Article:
Scale and design of aparthotel unacceptable

A mixed-use redevelopment for retail and aparthotel for 51 units across two buildings was refused in the town centre of a seaside settlement in Essex for harm to the appearance and character of the surrounding conservation area by reason of its scale and design and for harm to the living conditions of the occupiers of neighbouring properties through loss of outlook from their rear gardens. The demolition of the existing buildings on the site, which had already taken place, was approved, however.

In looking at the proposed replacement scheme the inspector considered because of its form, height and plainer modern design, the frontage building of the aparthotel would appear bulky and domineering. It would be markedly at odds with the traditional buildings within the conservation area surrounding it, and which were generally more modestly scaled in form, varied and detailed in their architecture. The inspector felt similarly concerned about the larger seven storey building proposed to the rear of the site which he considered would appear domineering given its design, height and bulk when viewed through gaps within the street and thus would harm the character and appearance of the area generally. With the demolition of the former hotel, he accepted the existing site negatively contributed to the character and appearance of the conservation area but felt the design, height and bulk of the proposal would result in a far greater negative impact on the conservation area, not outweighed by the economic benefits of the new retail units and hotel accommodation.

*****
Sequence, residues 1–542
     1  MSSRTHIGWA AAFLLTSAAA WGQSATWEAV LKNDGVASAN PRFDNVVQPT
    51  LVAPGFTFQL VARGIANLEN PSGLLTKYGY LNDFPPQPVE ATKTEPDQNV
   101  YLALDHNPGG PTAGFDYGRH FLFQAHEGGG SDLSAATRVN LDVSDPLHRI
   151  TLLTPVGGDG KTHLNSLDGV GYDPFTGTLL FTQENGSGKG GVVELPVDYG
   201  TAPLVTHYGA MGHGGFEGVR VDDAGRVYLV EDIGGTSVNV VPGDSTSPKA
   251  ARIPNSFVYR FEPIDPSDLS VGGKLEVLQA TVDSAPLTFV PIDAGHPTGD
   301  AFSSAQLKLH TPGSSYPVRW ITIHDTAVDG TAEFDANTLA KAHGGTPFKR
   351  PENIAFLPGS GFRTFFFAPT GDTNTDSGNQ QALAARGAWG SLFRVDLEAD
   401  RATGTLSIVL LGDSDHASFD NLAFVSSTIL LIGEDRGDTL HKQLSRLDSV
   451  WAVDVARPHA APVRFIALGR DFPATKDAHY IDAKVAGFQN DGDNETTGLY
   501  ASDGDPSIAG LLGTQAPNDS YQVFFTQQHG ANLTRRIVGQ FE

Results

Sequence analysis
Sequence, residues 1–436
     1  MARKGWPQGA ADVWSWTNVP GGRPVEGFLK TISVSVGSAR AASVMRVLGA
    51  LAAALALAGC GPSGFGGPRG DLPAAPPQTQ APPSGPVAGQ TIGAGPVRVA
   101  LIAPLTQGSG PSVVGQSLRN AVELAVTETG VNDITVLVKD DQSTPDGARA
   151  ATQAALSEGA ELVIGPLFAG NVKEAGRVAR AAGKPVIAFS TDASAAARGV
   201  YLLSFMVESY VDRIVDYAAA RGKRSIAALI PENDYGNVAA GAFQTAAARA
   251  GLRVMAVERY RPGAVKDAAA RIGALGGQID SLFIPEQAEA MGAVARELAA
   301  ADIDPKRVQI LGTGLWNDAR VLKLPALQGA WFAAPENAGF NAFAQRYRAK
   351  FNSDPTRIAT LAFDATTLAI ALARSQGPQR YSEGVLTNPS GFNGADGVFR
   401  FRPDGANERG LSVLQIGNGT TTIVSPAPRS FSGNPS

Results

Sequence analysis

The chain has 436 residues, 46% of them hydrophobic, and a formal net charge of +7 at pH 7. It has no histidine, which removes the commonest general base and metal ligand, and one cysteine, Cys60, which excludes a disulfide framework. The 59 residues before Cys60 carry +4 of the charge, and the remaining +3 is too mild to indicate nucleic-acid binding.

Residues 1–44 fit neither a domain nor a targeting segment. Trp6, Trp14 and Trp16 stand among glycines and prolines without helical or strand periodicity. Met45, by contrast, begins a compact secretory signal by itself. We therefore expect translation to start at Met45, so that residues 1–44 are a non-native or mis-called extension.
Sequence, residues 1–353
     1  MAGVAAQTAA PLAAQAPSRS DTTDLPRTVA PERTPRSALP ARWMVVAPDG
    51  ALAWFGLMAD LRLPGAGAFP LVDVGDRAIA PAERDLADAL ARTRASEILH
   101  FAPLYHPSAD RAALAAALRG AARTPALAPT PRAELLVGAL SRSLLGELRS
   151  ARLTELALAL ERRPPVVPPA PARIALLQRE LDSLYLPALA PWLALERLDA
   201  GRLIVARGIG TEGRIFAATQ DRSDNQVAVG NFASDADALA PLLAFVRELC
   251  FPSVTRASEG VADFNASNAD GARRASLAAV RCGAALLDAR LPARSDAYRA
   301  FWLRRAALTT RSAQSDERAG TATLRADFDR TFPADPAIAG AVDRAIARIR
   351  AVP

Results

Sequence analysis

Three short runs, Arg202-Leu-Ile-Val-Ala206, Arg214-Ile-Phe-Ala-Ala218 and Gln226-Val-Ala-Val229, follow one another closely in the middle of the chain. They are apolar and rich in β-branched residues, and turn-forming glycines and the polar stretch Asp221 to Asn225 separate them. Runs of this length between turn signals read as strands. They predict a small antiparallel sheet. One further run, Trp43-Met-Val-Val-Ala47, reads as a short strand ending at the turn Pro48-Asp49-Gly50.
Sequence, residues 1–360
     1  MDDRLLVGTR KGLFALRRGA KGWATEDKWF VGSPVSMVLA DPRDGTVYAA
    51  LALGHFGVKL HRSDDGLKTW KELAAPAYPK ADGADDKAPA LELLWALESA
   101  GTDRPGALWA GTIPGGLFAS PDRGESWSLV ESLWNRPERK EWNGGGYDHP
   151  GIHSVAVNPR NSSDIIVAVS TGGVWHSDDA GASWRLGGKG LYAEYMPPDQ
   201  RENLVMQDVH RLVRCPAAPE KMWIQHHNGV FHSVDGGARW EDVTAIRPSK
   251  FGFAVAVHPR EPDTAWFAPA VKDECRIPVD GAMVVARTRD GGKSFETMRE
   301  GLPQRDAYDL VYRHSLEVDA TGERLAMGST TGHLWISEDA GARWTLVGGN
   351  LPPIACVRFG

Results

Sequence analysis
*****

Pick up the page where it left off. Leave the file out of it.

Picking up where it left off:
The inspector also considered residents' outlook at adjoining properties would be dominated by the height and bulk of the proposed rear building, even above the existing boundary treatments. The rear building would stretch across the full width of these gardens and planting on the balconies would only offer limited visual relief. He also felt that proposed mitigating tree planting would also be of limited visual relief because any specimens would take some considerable time to become established and provide high level screening, and their retention could not be secured.

Inspector: Jonathon Parsons; Hearing


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